Bangsawan, a Malay opera in Penang, Straits Settlements, circa 1895.
Native nameBangsawan

Bangsawan (Jawi: بڠساون) is a type of traditional Malay opera or theatre performed by a troupe, and accompanied by music and sometimes dances.[1] The bangsawan theatrical performance encompasses music, dance and drama. It is widely spread in the Malay cultural realm in Malaysia, Indonesia, Singapore and Brunei. The artform is indigenous in Malay Peninsula, Riau Islands, Sumatra and coastal Borneo.


In the Malay language, bangsawan means "nobleman". Bangsa means "nation", "race", from the Sanskrit word vamsa which means "family", "dynasty". The suffix -wan comes from the Sanskrit suffix -vant. A person is called bangsawan if he is descended from royal family (kings, princes, etc.). The theatre is called bangsawan because it is most often depicting the legends and stories of Malay nobles that took place in istana (Malay palaces and courts).

There was another category of noblemen in Indonesia, precisely in Java, called priyayi, who were not members of royal or princely families but formed a sort of nobles of the Robe, exerting administrative functions, including that of adipati (governor).


The bangsawan theatre usually centered on istana or Malay palace.[1] The main theme of bangsawan theatre is usually based upon the adventure, romance and conquest of Malay sultans, kings, heroes, nobles, princes and princesses, that took place in various Malay courts in the archipelago. The fertile local Malay legends and epics such as the "Sulalatus Salatin" provides storylines and theme for the story to develop. The Malay King such as Seri Tri Buana and the popular Malay heroes such as the adventure of Hang Tuah of Malacca are the popular bangsawan themes. Another themes such as "Seulas Nangka" story about the history of Siak Sri Indrapura Sultanate.[2]


The bangsawan theatre is quite similar to western opera or drama, where the stories are presented through acting and singing, and certain characters are played during performance. The stories are drawn from diverse sources, such as local Malay, Indonesian, Indian, Arabic, Chinese and Western sources. Music, dance and costumes are used depending on the story being told. The performance is accompanied by music consists of gendang, rebana, drum and violin, playing Malay music and chanting dendang or Malay songs.


Bangsawan first developed in Penang, Malaysia, from the South Asian Parsi theatre performed by companies from the Bombay region; the first local troupe Pusi Indera Bangsawan of Penang was founded in 1885 and named after tycoon Mohamed Pusi who patroned the arts prior.[3] The bangsawan theatre troupes reached their peak of popularity in the 19th to mid 20th century prior to the great war. In colonial Dutch East Indies the bangsawan theatre has inspired and influenced other form of theatrical performances, such as Komedie Stamboel and toneel. Prior to the development and the spread of radio and television entertainment in the region, travelling live theatres and drama such as bangsawan, was the main source of entertainment for local Malays in the villages and cities alike, and was held in high anticipation and excitement. In Lingga, Riau Islands, bangsawan show enjoyed its popularity among locals until around 1960s to 1970s.[4] However, today in Indonesia, only a handful of bangsawan troupes survive. Nowadays, it is difficult, if not impossible to find any bangsawan troupes in Malaysia.[citation needed] A bangsawan troupe still operates in Singapore.[5]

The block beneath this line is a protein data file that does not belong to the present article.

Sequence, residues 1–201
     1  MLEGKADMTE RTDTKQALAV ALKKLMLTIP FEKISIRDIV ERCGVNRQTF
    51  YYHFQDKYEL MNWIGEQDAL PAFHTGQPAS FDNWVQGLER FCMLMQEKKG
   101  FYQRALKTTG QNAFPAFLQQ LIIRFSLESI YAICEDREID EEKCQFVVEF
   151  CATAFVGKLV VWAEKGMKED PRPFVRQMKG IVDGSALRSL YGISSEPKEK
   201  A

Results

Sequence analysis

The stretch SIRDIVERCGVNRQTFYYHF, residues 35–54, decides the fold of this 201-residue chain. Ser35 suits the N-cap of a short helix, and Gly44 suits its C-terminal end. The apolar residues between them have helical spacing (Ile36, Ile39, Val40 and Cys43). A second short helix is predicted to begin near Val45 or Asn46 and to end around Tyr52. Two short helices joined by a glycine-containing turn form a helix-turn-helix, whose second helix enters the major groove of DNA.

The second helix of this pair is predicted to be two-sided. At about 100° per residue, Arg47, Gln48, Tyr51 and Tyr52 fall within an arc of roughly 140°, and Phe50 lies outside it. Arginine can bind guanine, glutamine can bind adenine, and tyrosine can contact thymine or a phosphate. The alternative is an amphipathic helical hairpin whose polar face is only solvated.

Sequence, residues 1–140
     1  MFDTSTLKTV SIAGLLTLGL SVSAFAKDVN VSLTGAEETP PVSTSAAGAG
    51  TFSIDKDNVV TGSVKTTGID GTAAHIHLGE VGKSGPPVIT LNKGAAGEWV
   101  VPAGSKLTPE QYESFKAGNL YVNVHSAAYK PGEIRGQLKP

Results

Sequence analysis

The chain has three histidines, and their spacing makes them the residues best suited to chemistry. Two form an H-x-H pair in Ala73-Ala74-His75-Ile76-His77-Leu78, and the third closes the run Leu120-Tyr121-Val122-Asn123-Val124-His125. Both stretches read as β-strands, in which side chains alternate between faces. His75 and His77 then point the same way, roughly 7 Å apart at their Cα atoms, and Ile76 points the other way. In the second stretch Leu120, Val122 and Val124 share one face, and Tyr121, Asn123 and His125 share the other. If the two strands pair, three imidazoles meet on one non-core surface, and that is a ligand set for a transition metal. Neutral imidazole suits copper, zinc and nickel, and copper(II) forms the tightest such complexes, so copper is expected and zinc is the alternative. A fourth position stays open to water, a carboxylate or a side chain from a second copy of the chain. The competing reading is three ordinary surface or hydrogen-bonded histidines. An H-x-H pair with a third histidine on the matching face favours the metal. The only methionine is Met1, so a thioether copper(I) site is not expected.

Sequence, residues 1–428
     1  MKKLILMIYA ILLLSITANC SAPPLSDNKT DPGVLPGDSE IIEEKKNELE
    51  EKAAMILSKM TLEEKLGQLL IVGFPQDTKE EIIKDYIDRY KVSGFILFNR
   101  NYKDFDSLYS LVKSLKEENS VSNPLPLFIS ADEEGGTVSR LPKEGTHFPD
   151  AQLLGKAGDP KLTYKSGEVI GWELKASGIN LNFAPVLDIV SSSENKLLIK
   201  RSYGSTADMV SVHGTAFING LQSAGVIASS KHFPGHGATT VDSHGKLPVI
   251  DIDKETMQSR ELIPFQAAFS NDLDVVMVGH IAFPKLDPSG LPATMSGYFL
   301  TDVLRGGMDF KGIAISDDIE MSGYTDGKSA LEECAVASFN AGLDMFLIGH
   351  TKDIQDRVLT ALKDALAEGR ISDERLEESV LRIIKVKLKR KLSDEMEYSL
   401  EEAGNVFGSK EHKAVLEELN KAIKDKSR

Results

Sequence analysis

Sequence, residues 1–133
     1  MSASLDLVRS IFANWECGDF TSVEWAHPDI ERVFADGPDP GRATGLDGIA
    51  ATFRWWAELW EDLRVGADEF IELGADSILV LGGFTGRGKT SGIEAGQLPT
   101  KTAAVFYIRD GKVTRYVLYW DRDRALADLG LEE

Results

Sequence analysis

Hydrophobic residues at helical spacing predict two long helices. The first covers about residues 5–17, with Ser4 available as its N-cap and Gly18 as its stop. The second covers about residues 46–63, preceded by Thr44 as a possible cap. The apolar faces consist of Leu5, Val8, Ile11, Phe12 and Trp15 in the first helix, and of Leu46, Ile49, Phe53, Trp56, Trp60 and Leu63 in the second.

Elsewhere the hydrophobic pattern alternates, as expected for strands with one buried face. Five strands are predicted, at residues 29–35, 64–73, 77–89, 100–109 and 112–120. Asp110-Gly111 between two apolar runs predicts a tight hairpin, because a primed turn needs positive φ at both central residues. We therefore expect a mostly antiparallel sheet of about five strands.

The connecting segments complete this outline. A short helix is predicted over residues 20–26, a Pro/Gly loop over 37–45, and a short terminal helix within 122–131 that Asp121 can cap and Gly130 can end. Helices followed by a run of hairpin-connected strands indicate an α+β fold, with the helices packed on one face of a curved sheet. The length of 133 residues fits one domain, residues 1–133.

The advent of cinema into the Malay speaking world early 20th century attracted bangsawan actors to the media integrating the artform's conventions into a new audiovisual culture in the process: the 1933 film Laila Majnun boasted a cast of such thespians. The Shaw Brothers themselves gave financial support to bangsawan troupes in the 1930s, and a collective of bangsawan actors helmed many Shaw-made Malay films during 1940 and 1941. However as decades go on, the actors' flair for exaggerated dramatics became less appealing to newer and more seasoned audiences who saw them as "unnatural" and wanted its aesthetics to match those of Hollywood.[6]

See also


  1. ^ a b "Teater Melayu " Bangsawan"" (in Indonesian). Perpustakaan Digital Budaya Indonesia. 9 September 2014. Retrieved 24 October 2014.
  2. ^ Sesri Engla S (11 June 2014). "Sanggar Latah Tuah Pentaskan Teater Berjudul Seulas Nangka". Tribun Pekanbaru (in Indonesian). Retrieved 24 October 2014.
  3. ^ Juffri bin Supa’at (April–June 2016). "Seni Persembahan Bangsawan". BiblioAsia (in Malay). Vol. 12, no. 1. National Library Board, Singapore. pp. 28–31.
  4. ^ Jaya Kusuma AS (19 September 2013). "Khazanah Melayu: Tonil, Sandiwara, Bangsawan, Drama, Teater..." Lingga Pos (in Indonesian). Retrieved 24 October 2014.
  5. ^ "A Bangsawan revival by the river". The Long Winding Road. 26 April 2012.
  6. ^ Barnard, Timothy P. (February 2010). "Film Melayu: Nationalism, modernity and film in a pre-World War Two Malay magazine". Journal of Southeast Asian Studies. 41 (1): 47–70. doi:10.1017/S0022463409990257.